In '96, the Association of Computing Machinery thought it would be a good idea to kick off its 50th anniversary celebrations with a Deep Blue-Kasparov match. Kasparov won 4-2, but Hsu's team learnt a lot. "It was quite clear to us that Garry knew more about chess than Deep Blue did. Also, Garry was changing: altering strategy mid-course in games, and from game to game."

The rematch came in May this year in New York. Armed with 286 processors and the power to evaluate 200 million chess positions per second (as against Kasparov's three), the 1. 4-tonne, 6-foot 5-inch machine was now faster, smarter, meaner. GM Joe Benjamin had helped refine Deep Blue's chess knowledge and correct its inability to handle midgame strategy changes. Its processing power had been doubled, and its evaluation function, which allowed it to see several moves ahead, was now even stronger. And you see that gleam in Hsu's eyes: the hunter recalling his biggest kill.

 "Game 1, Kasparov played white. He won, but it was very different from '96. Garry wasn't controlling the game any more, it was negotiation. We felt good, and we knew that if Kasparov was going to suffer like this in every game, then Deep Blue could win the match." But after the game, Kasparov said that he never thought he "had a chance to lose".

 "Game 2, Deep Blue with white, and Garry was squeezed throughout the game. By the end, he couldn't stand it any more. His face was red—he wasn't happy!" Hsu laughs. Kasparov lost, and later called Game 2 "the decisive game of the match which left a scar in my memory and prevented me from achieving my usual total concentration in the following games". He wrote in Time: "In...Game 2, we saw something that went well beyond our wildest expectations of how well a computer would be able to foresee the long-term positional consequences of its decisions. The machine refused to move to a position that had a decisive short-term advantage—showing a very human sense of danger." He even went to the over-the-top extent of saying that Hsu's team deserved a Nobel Prize.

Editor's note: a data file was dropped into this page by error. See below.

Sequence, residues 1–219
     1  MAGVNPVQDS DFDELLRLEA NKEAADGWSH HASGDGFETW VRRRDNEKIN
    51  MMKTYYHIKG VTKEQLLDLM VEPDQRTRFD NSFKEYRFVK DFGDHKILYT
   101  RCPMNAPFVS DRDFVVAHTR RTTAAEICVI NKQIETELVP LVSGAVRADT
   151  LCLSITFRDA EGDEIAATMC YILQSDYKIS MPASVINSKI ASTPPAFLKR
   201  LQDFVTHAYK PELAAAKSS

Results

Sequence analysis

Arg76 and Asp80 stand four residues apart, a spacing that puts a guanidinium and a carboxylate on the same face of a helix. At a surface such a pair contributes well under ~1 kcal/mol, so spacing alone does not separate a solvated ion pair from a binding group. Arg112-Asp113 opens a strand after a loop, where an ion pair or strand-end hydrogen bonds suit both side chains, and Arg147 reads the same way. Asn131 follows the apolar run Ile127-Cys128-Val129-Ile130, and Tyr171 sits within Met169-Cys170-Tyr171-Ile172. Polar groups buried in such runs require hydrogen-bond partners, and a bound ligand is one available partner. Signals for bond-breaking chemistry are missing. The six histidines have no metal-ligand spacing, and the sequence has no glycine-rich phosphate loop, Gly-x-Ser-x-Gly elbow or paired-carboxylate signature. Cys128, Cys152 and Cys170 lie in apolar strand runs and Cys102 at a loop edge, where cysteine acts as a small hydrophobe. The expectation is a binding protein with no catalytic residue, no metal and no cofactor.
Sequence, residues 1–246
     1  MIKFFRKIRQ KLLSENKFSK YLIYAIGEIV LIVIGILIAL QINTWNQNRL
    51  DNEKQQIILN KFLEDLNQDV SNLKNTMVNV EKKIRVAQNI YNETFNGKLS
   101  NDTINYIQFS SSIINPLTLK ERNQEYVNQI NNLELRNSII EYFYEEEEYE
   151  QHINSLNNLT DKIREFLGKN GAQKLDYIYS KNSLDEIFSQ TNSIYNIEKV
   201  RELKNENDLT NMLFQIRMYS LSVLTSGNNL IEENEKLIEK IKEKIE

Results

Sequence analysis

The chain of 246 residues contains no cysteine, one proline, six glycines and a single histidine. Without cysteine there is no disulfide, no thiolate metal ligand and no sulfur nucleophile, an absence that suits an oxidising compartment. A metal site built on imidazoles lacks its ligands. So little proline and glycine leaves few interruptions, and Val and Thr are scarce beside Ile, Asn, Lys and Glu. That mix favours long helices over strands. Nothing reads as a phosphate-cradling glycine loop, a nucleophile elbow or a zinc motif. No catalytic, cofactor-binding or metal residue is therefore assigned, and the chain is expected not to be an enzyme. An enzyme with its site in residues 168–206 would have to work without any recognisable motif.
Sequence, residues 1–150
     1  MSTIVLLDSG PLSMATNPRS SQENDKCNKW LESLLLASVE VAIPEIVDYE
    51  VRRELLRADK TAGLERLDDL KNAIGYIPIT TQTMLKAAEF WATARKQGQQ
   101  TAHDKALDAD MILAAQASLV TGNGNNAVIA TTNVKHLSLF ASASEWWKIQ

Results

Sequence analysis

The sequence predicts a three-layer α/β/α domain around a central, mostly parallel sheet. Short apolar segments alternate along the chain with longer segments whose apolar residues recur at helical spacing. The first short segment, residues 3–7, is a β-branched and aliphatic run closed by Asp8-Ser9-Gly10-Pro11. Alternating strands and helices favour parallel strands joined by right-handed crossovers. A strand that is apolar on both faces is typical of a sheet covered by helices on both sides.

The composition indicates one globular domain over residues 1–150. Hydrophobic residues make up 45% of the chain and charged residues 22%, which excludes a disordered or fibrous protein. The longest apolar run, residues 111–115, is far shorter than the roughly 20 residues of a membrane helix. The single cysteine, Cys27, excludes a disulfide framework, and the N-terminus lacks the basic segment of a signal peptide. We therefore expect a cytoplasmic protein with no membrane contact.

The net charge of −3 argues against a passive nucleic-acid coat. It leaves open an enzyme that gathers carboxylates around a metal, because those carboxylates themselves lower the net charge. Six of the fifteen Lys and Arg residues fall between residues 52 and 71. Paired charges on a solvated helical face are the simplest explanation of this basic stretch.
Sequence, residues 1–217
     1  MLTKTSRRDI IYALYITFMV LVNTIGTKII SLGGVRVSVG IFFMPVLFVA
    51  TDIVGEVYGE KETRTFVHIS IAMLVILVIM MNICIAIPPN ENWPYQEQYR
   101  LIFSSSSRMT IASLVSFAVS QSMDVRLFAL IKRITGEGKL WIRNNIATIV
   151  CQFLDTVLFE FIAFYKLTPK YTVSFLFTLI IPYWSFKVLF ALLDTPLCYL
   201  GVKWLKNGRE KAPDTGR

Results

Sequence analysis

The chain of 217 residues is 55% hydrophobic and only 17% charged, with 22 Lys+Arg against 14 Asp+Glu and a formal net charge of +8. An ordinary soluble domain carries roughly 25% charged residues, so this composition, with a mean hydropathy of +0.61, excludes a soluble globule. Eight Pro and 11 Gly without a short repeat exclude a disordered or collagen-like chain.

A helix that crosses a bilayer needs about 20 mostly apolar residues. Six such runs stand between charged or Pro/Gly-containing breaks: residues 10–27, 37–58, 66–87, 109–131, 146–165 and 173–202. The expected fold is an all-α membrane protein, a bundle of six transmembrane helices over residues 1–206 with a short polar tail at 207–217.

Game 3 and 4 were drawn. "Game 5 was very crucial because this was the last time Garry would be playing white, so we knew that he would be trying very hard. And then in move H5, Deep Blue did something totally unexpected. Garry did a double take. It was a somewhat psychological move, a move that said: 'If you do this, I'm gonna go after you.' Humans don't do that to Garry Kasparov, but Deep Blue didn't know who Garry was." Game 5 too was a draw.

Deep Blue won Game 6 and the match. And Hsu has to prove to you that he won fair and square. "Commentators said Garry had made a mistake on one particular move, but Garry himself later said he regretted the decision to make that move. So it was a conscious decision! Deep Blue simply played better!" Vishwanathan Anand, though, had a calmer view. "By trying so hard to avoid any position where Deep Blue might be able to calculate its way through, (Kasparov) effectively self-destructed," he wrote. "By the 6th game, he was a pale shadow of himself. Suffice it to say that the trap he fell into in the sixth game is a well-known one."